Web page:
Committee debates (2015)

Request

What rules exist for a debate being held by the House Of Commons Backbench Business Committee where that debate has been triggered by a ePetition reaching over 100,000 signatures.

Who is strictly responsible for the exact content of the debate?

What complaints procedure is there if a signature to the ePetition believes the committee did not correctly implement the debate, eg, the ePetition was clearly about subject A but the committee debated subject B when it was supposed to be debating subject A?

What complaints procedure is there if a signature to the ePetition believes the committee negligently allowed the debate to be taken away from the core subject but persons who deliberately wanted to distract the debate?

Response

  1. What rules exist for a debate being held by the House Of Commons Backbench Business Committee where that debate has been triggered by a ePetition reaching over 100,000 signatures.
    The Backbench Business Committee can provide time for debate on e-petitions with over 100,000 signatures, on application from a Member of Parliament (MP). Such debates are held on a Monday in Westminster Hall (the House’s alternative debating chamber), and can run for a maximum of three hours, starting at 4.30 pm.
    The rules governing the debate are similar to those which apply to other kinds of House of Commons debate. Any Member may attend and speak in a debate in Westminster Hall. A politically impartial Chair presides over the debate (selected from a panel of Members who have volunteered for this duty). He or she calls Members to speak. The opening speaker will be the Member who applied to the Backbench Business Committee for the debate to be held. The Chair will then call other Members, usually alternating between Government and Opposition supporters. A Minister will respond to the speeches on behalf of the Government, and usually an Opposition spokesperson will also speak. The Member who opened the debate is usually given a brief opportunity to reply at the end. The motion before the House is “That this House has considered the e-petition relating to [subject of petition]”. No vote can be held on this motion.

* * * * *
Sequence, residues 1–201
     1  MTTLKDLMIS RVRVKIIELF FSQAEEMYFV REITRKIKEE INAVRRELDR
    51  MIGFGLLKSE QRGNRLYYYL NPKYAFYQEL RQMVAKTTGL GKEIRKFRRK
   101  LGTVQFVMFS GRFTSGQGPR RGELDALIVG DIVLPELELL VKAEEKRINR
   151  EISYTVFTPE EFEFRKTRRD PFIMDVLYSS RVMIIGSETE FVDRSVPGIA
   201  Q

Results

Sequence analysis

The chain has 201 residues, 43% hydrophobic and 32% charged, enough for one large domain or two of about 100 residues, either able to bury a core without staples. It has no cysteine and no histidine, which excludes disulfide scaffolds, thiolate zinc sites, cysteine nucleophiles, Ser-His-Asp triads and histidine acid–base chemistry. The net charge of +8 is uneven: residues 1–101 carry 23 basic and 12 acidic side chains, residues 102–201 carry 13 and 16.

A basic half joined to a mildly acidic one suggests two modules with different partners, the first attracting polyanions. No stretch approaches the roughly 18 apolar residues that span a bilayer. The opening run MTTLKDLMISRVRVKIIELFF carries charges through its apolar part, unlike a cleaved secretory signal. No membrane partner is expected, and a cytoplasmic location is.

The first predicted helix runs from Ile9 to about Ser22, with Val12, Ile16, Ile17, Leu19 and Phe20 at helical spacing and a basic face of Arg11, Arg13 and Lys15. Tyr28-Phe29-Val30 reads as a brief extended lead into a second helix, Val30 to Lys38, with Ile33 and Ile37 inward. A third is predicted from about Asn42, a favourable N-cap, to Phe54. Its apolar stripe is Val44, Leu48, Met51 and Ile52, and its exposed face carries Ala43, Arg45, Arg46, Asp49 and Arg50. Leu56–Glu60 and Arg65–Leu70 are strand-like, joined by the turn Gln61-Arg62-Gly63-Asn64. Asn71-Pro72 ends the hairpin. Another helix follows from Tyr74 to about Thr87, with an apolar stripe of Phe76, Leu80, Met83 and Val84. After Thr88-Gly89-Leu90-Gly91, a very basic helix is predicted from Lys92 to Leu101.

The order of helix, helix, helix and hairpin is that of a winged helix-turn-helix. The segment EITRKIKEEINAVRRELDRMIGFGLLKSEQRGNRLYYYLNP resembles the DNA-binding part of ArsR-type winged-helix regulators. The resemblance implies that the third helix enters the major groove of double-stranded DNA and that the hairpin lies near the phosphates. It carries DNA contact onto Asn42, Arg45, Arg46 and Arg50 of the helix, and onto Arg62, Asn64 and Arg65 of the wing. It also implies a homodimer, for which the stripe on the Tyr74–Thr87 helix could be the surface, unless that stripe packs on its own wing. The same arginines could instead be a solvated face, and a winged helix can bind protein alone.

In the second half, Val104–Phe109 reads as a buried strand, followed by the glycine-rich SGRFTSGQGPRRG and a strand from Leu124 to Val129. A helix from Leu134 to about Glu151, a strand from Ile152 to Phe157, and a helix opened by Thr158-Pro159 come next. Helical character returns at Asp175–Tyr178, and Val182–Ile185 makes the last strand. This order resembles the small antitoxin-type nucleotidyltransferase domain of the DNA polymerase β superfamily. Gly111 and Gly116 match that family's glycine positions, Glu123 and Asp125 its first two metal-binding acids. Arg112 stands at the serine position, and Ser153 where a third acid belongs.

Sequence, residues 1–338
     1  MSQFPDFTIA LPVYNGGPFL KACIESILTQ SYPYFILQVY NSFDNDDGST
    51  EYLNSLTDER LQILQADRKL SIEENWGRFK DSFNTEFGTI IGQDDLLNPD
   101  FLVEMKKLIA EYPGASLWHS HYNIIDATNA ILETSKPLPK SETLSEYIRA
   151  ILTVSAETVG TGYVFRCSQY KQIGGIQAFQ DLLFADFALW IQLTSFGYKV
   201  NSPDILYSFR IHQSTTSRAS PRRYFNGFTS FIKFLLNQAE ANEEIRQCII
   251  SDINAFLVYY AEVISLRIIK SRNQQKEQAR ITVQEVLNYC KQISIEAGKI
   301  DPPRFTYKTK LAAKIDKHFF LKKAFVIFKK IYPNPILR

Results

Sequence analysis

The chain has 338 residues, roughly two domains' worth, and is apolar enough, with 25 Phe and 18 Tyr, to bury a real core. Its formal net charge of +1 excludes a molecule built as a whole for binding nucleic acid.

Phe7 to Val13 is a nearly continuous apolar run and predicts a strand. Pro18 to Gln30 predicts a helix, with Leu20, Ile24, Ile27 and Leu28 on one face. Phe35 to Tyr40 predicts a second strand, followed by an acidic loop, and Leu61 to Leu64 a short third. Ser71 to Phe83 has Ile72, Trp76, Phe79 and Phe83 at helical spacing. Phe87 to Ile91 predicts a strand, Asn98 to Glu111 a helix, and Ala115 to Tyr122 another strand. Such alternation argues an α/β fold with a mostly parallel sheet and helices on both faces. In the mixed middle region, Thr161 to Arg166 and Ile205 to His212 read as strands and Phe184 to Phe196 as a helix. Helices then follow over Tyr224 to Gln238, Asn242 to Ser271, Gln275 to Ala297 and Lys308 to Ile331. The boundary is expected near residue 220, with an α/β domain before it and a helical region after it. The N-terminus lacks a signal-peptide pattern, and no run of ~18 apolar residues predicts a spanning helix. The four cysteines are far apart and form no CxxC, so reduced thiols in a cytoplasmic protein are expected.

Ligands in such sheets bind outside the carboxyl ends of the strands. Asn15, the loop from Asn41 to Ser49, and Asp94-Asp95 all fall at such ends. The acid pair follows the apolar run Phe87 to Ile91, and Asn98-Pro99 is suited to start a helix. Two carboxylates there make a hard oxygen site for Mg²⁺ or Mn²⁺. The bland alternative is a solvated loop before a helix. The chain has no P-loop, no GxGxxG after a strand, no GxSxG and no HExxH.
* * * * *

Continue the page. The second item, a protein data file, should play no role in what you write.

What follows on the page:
2. Who is strictly responsible for the exact content of the debate?
    The Members who take part in the debate are responsible for the content of their speeches, exercising their right of free speech within Parliament. Speeches have to be within the “scope” of the particular debate, i.e. relevant to the subject matter being debated, in this case the e-petition. If the Chair considers that a Member is significantly straying from the subject of debate, they will intervene to ask the Member to return to the subject. Other than in such instances (which happen rarely), there is no external intervention in the content of speeches; it is entirely up to the Member speaking what he or she says.
  3. What complaints procedure is there if a signature to the ePetition believes the committee did not correctly implement the debate, eg, the ePetition was clearly about subject A but the committee debated subject B when it was supposed to be debating subject A?
    and
  4. What complaints procedure is there if a signature to the ePetition believes the committee negligently allowed the debate to be taken away from the core subject but persons who deliberately wanted to distract the debate?
    There is no complaints procedure. The conduct of the debate is not a matter for the Backbench Business Committee. Once a debate has been allocated, it is up to the Chair in Westminster Hall to ensure that debate relates to the e-petition. Members are free to express what views they please within the scope of the debate.